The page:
Islamic State-linked terrorists decapitated more than 50 people in Mozambique after a three-day raid on local villages in the gas-rich Cabo Delgado province in the north of the country.
After burning down houses and abducting and sexually assaulting women and children, the militants tracked down fleeing residents and herded them to a local soccer field where they were beheaded and chopped to pieces.
The terror group, known formally as Ahlu Sunnah Wal Jammah (Followers of the Traditions and Community) pledged allegiance to the Islamic State earlier this year and joined its Central Africa Province division. Most of the group is comprised of young men from poor communities, with little evidence of established Islamic State leaders or logistics in the region.
In April, a similar attack in the Cabo Delgado Province left 52 dead. In October, 300 militants attacked a village on the Tanzanian side of the border along Cabo Delgado, and in October they temporarily seized a port that "is pivotal in the transit of oil and gas equipment," according to the Counter Extremism Project.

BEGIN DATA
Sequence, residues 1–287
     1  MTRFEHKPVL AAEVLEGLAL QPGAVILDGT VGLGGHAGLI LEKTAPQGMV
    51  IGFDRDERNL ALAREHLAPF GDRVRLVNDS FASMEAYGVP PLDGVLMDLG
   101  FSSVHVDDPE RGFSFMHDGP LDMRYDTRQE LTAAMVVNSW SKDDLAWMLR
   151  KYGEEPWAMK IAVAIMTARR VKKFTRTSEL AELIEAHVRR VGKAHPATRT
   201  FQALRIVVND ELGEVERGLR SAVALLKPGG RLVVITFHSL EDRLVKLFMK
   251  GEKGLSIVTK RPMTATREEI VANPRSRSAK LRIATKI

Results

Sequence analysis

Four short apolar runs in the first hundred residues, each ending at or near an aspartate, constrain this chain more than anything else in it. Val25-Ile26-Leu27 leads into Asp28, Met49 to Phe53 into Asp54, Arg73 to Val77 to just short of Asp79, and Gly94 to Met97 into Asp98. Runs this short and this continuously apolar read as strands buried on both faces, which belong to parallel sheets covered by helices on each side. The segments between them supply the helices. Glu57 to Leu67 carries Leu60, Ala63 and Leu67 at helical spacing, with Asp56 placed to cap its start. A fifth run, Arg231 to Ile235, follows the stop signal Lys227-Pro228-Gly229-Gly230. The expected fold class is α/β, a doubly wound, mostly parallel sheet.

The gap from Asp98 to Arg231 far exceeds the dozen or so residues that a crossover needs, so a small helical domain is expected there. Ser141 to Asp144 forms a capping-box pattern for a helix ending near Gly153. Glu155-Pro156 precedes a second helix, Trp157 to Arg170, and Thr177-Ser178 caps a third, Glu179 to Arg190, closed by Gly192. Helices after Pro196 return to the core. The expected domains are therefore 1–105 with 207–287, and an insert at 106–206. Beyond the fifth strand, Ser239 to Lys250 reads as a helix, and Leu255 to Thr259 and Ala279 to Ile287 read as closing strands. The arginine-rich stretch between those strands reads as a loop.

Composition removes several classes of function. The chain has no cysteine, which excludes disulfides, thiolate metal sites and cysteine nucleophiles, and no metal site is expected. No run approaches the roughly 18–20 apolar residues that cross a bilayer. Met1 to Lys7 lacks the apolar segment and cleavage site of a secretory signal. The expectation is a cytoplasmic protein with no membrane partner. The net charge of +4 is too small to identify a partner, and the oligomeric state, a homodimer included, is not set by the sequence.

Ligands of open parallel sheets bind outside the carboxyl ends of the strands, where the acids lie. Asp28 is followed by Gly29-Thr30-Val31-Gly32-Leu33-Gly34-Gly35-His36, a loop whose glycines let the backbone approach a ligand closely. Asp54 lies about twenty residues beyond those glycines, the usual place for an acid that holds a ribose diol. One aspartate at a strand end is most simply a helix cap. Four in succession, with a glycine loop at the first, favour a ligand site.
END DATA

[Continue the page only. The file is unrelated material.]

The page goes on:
"Mozambique's government, however, is ill-equipped to counter the growing number of radical insurgents," said the Counter Extremism Project. "Additionally, there have been reports that Mozambique's security forces have fled scenes of insurgent activity as the number of insurgents greatly outnumbers security forces in the area."
Up to 2,000 people have been murdered in Mozambique, and 300,000 have fled their homes as a result of increasing violence since 2017.